Monday, June 10, 2024

The Study

 James Chastek has a nice post on Thomas Aquinas's answer to the question of why Christ wrote nothing, and it ties in to something that I have often thought about in recent times. Theological and religious terms are sometimes associated so strongly with solemn contexts that the very solemnity can start interfering with our understanding of them, and this is very much the case with the word 'disciple'. The Greek word, mathetes, just means 'student'; the same is true for the Latin translation that gives us the English word, discipulus. Jesus gathered a bunch of students. In the Great Commission, he laid upon them the charge to go to all the peoples and make them students, immersing them in the name of the Father and the Son and the Holy Spirit and teaching them to obey what Christ commanded. Why did Christ not write anything? To reduce that perpetual danger of pedagogy, the one who parrots rather than thinks and studies.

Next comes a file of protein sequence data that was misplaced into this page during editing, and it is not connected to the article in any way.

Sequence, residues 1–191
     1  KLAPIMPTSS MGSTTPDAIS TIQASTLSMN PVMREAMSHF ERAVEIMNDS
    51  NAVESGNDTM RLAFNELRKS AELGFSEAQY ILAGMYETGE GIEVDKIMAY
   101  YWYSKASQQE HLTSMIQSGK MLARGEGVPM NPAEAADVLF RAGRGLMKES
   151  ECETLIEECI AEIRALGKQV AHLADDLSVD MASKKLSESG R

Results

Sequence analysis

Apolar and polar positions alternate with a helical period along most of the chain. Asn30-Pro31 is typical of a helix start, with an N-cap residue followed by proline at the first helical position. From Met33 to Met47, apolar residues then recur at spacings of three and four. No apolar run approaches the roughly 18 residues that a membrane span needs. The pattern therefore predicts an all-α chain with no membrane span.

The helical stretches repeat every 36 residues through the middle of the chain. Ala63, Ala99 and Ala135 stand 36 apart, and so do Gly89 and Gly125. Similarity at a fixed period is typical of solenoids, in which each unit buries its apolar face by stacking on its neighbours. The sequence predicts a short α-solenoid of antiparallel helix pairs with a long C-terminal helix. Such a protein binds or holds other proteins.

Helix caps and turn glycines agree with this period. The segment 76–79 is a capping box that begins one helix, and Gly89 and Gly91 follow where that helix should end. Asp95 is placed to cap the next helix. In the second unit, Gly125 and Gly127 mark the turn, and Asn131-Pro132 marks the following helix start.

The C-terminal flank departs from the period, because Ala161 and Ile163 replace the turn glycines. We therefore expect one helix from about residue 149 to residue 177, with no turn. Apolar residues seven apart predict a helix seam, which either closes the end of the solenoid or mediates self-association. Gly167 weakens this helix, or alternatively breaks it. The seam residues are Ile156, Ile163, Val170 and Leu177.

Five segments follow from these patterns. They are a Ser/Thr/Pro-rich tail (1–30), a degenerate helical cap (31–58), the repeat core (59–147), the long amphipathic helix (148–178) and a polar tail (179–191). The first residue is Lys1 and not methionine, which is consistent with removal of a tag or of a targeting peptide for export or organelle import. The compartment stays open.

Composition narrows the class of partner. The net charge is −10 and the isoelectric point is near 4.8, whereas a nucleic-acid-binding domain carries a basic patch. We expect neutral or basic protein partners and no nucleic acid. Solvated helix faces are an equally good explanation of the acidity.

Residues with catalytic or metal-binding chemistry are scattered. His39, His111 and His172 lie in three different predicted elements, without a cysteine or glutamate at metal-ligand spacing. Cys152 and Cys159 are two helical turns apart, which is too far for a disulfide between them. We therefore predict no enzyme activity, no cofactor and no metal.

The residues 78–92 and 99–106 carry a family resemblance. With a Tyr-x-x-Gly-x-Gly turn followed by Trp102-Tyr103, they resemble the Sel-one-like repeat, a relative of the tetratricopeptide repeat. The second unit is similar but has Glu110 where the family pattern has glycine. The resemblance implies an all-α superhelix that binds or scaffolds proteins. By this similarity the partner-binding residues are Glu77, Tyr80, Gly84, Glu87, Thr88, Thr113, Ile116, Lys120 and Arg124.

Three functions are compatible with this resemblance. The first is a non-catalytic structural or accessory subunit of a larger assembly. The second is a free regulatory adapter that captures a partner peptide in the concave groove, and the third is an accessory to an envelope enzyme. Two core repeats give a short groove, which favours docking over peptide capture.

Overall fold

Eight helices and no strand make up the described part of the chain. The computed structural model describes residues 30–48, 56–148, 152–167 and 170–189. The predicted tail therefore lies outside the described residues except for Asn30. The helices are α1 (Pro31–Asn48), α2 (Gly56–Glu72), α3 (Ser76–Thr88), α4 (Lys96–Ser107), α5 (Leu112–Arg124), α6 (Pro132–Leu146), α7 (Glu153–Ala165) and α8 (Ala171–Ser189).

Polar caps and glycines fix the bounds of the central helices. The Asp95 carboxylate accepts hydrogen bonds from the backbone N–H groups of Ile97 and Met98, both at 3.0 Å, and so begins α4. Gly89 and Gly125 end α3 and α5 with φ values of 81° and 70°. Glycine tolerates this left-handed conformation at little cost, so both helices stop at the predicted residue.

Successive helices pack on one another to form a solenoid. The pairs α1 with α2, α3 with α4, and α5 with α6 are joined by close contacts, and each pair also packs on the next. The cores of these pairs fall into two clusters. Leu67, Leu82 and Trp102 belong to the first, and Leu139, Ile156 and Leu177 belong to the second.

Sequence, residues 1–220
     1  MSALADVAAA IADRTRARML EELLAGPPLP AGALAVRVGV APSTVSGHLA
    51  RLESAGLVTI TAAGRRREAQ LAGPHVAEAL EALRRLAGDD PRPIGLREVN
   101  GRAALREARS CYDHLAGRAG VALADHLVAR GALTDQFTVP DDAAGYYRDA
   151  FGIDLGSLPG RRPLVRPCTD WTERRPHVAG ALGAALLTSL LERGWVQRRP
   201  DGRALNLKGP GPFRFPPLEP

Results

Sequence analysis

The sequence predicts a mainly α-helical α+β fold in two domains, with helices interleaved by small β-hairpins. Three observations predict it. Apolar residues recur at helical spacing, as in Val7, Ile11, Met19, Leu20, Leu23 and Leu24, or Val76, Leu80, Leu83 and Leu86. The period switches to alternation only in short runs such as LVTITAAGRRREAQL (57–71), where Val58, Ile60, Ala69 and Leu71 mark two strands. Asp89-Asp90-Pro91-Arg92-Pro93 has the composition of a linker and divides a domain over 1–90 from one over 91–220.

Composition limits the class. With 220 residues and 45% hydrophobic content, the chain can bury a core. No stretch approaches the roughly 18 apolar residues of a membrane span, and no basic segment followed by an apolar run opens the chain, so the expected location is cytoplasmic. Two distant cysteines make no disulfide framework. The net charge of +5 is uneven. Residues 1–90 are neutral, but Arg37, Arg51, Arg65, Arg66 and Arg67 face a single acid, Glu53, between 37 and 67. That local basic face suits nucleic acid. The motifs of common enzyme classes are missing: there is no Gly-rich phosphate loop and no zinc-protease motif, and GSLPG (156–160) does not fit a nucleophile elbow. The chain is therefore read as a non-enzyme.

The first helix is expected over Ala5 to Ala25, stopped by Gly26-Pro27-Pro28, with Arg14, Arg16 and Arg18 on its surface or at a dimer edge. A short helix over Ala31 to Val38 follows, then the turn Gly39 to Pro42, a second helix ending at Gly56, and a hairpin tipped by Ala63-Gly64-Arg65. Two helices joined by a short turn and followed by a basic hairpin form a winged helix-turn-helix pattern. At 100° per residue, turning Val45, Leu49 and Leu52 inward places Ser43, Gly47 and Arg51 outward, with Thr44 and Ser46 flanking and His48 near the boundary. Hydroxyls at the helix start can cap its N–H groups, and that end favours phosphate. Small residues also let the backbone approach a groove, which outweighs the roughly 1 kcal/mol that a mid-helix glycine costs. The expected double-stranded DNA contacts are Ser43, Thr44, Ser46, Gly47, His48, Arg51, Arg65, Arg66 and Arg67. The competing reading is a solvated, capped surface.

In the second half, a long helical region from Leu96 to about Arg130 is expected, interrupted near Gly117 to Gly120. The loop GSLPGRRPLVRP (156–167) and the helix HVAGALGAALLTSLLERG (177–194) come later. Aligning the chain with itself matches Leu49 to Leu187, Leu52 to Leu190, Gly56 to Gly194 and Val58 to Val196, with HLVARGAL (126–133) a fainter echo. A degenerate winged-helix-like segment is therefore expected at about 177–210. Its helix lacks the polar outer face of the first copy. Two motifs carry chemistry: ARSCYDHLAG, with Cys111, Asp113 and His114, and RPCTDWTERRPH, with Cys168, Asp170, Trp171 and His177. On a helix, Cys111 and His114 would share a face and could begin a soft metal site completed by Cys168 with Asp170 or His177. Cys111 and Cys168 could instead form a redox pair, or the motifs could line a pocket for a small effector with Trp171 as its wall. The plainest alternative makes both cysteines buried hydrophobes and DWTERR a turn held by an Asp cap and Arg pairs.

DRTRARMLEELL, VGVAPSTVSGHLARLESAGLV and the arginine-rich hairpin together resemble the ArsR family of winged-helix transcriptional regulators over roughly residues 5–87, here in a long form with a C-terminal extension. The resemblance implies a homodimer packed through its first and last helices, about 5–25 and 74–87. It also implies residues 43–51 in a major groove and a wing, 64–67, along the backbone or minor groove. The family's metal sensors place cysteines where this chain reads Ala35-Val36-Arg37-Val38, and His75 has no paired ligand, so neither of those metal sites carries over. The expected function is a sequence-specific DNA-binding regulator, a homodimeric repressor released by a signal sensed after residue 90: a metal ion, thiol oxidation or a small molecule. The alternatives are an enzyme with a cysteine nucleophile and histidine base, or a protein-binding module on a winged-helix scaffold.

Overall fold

One occasionally finds various programs and the like devoted to "discipleship"; some of these are quite salutary, but there's not actually any great secret to being a disciple. It all amounts to this: Always be learning. That's fundamentally the standard for any Christian life: Is it a study of Christ? The Pharisee in the parable was by almost every standard a better person, but his attitude made him unable to be a genuine student, as he thought himself already dikaios, just or right, whereas this was still open to the publican, who had the humility to know that he wasn't getting things right, and because of that he, and only he, went away dedikaiomenos, having been deemed just or right. We are not expected to be angels; we are expected to be learners. To be sure, there is a significant practical component to this (the same word can also mean 'apprentice', i.e., a practical student); one of Christ's explicit clarifications of what is involved in making students of the nations is that it involves teaching to do what Christ has required, so naturally being a disciple involves not just learning about Christ but learning actually to do what Christ has required. But the standard to which we are held is the standard to which one holds a student, because the lives we are to lead are the lives of students. As Christ says in John 15:8, "My Father is glorified in this, that you bear much fruit, and so prove to be My students."